By Jordan Cronk
The once fresh idea of integrating a vérité sensibility into drama has grown, in recent years, into one of the most recognizable trends in independent cinema. Adding to this modest lineage is Mekko, an agreeable if unremarkable work of indigenous realism whose familiarity of form is ably offset by the singularity of its milieu. Directed by the Native American filmmaker Sterlin Harjo, the film centres on Muscogee-bred ex-con Mekko, just released from a 19-year prison stint for murder, as he attempts to re-establish himself in contemporary Oklahoma, where communities of mostly homeless Creek Indians continue to persevere against a backdrop of drugs and urban development.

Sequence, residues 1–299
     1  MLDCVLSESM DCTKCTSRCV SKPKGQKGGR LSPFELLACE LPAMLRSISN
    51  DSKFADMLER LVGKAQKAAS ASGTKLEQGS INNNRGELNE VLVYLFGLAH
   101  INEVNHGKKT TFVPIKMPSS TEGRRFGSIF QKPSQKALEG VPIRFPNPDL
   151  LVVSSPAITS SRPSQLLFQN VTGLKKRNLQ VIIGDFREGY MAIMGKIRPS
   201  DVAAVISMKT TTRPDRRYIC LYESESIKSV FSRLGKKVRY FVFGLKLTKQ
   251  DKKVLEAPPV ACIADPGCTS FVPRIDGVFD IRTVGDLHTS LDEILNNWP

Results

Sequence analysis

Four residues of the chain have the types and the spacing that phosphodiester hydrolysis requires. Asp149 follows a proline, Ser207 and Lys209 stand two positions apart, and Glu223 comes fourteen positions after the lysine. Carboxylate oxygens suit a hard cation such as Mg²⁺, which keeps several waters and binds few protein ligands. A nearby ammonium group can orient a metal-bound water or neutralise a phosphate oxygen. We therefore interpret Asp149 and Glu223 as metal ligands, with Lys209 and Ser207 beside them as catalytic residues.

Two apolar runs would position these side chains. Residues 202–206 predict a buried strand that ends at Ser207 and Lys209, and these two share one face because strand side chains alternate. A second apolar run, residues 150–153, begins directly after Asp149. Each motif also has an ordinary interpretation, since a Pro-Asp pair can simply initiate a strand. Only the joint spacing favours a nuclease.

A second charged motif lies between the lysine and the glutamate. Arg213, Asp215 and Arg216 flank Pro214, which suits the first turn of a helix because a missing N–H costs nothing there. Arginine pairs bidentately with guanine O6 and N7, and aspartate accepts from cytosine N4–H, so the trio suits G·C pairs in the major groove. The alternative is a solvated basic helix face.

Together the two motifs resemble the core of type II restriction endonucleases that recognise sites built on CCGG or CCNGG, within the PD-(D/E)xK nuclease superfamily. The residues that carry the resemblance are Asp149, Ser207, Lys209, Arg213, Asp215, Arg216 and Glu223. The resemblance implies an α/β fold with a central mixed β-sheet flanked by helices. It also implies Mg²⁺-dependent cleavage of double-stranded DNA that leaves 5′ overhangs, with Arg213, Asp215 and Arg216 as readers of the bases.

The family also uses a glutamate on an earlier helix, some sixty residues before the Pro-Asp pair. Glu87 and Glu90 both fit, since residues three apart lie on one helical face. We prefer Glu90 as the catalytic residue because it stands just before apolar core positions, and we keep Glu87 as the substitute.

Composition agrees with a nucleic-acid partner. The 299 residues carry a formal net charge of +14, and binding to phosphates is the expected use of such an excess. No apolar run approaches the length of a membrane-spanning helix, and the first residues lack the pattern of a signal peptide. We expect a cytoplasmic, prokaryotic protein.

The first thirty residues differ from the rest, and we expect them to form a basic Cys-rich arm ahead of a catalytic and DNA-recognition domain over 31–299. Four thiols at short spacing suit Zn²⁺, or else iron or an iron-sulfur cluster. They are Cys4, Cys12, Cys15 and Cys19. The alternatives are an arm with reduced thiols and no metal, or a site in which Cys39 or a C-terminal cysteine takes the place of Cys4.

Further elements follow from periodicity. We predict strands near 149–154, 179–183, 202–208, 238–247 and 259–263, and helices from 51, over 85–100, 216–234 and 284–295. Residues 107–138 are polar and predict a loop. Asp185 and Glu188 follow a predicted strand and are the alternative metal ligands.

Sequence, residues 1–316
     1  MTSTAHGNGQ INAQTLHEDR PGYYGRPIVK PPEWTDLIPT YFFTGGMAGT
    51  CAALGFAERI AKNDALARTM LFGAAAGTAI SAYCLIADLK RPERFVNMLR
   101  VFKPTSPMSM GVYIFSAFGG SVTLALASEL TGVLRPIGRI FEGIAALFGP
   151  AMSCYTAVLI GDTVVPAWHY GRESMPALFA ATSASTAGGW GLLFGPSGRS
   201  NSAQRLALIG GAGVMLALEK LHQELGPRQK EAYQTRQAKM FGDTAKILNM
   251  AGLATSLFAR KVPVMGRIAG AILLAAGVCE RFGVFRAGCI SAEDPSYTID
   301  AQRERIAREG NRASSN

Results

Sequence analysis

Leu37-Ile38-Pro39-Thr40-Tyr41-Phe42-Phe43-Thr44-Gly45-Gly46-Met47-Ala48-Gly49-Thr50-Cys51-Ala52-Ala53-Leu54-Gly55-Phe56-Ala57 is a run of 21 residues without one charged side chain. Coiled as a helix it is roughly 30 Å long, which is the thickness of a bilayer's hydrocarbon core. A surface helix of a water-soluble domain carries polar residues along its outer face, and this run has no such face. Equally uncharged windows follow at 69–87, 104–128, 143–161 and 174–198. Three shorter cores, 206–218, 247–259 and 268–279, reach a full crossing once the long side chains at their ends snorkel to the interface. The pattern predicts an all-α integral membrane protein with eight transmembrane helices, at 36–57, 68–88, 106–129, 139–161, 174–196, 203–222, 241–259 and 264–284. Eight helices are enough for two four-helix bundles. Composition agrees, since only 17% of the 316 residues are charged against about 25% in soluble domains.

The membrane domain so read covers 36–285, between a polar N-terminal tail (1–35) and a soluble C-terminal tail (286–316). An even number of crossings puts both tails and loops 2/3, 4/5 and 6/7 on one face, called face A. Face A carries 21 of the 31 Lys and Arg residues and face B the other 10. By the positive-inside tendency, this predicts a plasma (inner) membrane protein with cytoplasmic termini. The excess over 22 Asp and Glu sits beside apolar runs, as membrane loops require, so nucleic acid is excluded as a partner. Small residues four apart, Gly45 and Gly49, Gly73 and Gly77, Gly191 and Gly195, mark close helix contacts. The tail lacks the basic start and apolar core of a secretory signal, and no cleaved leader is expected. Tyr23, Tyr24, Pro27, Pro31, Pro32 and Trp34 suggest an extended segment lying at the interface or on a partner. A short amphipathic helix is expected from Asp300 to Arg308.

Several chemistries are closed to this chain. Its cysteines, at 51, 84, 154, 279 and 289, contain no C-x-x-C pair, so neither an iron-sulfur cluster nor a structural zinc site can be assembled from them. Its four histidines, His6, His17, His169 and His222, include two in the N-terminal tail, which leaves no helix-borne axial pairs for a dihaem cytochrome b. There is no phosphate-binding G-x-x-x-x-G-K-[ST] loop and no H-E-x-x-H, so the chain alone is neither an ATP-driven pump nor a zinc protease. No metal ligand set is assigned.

Played by Rod Rondeaux (a Hollywood stuntman whose ethnic background has mostly relegated him to the background in genre films such as 3:10 to Yuma  and The Lone Ranger ), Mekko is hulking yet gentle, soft-spoken yet articulate. He’s enough of a galvanizing presence to anchor some of the film’s more fantastical forays, which largely manifest themselves in ruminative, vaguely existential voiceover passages which intermittently take the film away from the small-scale Americana of Minervini (whose new film The Other Side, also screening at TIFF, touches on similarly bleak subject matter in a corresponding Midwest locale, to much stronger results) and towards the astral realm of Malick. By and large, however, the rural realism of Minervini works as a handy aesthetic analogue for Harjo’s approach, which is generally unobtrusive in its inquisitiveness. An unexpected third-act turn into a kind of violent revenge fantasy confirms that this young director is at his best when simply allowing his feel for the rhythms of the real to guide his course.